I have a WiFi webcam that I'm trying to get to stream to my computer. I'm able to get the camera to send data to my computer, but I don't know how to decode it. The data consists of 11 1450 byte packets, followed by 1 packet with a variable size, typically about 800 bytes. This pattern repeats about 20 times per second. If I can figure out how to take those packets and turn them into a common media stream that I can open with VLC or the like, I'll be in good shape.

I decompiled the manufacturer's app, DM WiFi. I've been looking through it, and so far the only concrete information I've found is that H.264 is being used, according to in com.joyhonest.wifination.VideoMediaCoder (joyhonest is a manufacturer of WiFi camera modules). I still don't know where the program is reading in the WiFi data, or how it processes it before it becomes the standard H.264 stream (e.g. stripping headers). At this point, I'm hampered by my lack of Java/Android knowledge. For instance, I can find a prototype for the function naWriteport20000, presumably sending data to the camera, whose UDP port 20000 is open. But I can't find a more substantial definition for the function that might help point me towards how data is received. As someone who hasn't written Java in 5 years and who has never touched Android app development, how should I approach dissecting this program?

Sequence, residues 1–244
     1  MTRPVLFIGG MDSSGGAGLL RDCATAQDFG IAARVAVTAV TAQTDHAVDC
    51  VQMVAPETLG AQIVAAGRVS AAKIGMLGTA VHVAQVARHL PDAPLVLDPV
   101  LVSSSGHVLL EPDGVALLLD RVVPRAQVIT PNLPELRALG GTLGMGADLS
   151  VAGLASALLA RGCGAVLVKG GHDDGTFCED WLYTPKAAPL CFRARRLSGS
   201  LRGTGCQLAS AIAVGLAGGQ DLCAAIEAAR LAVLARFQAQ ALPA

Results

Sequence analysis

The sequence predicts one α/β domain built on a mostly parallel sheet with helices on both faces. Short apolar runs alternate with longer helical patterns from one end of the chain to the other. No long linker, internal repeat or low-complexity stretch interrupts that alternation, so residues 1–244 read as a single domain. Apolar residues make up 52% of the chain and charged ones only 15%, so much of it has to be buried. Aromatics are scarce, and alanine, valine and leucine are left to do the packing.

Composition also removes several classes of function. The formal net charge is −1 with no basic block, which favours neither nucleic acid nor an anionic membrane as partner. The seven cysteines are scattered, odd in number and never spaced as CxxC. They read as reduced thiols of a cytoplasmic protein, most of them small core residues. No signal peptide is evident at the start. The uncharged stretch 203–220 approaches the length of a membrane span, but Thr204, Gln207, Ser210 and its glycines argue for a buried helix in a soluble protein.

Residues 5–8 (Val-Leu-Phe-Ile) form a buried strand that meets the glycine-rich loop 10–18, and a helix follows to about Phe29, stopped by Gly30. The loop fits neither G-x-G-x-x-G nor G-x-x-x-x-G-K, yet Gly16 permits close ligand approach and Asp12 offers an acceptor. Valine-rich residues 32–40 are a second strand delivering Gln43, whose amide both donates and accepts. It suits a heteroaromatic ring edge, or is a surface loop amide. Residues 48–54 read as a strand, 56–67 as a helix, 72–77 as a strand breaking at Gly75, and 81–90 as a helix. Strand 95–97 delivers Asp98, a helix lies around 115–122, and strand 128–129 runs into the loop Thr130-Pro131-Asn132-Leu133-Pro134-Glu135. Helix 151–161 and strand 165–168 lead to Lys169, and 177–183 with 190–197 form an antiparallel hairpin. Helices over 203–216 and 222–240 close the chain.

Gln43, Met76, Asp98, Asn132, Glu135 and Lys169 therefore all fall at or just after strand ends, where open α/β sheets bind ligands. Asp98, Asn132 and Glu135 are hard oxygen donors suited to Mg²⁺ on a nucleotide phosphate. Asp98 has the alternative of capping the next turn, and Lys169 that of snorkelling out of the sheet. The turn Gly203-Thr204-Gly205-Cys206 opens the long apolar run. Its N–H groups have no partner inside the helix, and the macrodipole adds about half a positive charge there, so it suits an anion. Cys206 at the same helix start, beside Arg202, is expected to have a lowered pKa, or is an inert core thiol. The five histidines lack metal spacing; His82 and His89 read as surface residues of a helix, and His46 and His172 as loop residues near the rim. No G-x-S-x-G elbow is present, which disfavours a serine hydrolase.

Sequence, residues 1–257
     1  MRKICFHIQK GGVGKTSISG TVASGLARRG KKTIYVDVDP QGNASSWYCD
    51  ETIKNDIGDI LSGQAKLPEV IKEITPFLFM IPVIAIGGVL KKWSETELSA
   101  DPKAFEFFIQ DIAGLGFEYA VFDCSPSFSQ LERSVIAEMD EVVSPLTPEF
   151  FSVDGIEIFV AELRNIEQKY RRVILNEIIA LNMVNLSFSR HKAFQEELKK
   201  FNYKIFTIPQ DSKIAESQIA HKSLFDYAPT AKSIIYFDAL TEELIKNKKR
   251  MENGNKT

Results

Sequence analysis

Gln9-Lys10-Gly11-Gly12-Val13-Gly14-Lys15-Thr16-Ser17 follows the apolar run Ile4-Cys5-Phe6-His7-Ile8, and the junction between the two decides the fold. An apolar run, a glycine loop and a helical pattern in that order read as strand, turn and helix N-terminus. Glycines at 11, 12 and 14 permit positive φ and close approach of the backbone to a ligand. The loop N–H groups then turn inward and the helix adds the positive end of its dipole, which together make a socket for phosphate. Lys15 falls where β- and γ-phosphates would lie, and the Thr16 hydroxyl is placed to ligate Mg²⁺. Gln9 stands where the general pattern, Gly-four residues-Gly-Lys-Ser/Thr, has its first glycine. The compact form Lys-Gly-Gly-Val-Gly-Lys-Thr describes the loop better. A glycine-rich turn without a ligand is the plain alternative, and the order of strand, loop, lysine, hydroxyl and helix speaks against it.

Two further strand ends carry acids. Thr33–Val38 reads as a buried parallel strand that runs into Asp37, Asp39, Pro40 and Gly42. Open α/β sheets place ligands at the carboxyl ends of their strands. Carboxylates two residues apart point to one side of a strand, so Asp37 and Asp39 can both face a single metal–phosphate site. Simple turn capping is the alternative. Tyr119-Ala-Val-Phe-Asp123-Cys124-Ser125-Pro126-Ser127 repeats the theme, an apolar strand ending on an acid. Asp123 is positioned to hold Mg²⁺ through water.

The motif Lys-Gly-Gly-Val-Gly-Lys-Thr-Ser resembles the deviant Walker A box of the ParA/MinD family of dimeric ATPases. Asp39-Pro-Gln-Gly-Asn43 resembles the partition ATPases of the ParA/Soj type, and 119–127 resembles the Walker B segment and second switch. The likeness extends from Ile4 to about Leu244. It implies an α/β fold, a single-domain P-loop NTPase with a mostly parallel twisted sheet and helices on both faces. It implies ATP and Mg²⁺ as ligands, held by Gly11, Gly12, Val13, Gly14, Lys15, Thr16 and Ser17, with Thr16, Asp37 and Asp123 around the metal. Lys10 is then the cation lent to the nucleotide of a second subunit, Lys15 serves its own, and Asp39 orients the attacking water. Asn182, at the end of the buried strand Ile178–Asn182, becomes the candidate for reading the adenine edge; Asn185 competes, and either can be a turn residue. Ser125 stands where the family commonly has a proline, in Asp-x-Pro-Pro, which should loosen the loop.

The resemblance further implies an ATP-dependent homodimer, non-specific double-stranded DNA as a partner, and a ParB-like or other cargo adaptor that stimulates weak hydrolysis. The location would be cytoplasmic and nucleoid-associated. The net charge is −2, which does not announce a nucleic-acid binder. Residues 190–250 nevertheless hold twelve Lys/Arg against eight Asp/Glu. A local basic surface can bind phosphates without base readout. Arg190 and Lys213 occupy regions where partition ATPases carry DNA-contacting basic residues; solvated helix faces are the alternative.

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This person has a microscope with apparently an identical WiFi camera module and detailed his reverse engineering efforts. It turns out the first 1450 byte packet has a short header followed by the bytes to begin a jpeg image, and the end of variable-length packet ends the jpeg image. Concatenating all the packets and stripping the header gives the data for a jpeg.

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